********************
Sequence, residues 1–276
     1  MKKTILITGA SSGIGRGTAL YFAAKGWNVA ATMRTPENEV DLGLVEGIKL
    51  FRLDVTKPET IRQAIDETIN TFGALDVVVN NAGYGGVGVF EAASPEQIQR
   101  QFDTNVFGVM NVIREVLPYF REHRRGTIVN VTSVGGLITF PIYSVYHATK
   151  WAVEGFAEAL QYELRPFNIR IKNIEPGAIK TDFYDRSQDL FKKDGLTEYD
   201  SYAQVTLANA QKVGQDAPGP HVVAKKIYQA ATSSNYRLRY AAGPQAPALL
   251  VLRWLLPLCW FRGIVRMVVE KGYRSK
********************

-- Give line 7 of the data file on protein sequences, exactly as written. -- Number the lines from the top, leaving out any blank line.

   251  VLRWLLPLCW FRGIVRMVVE KGYRSK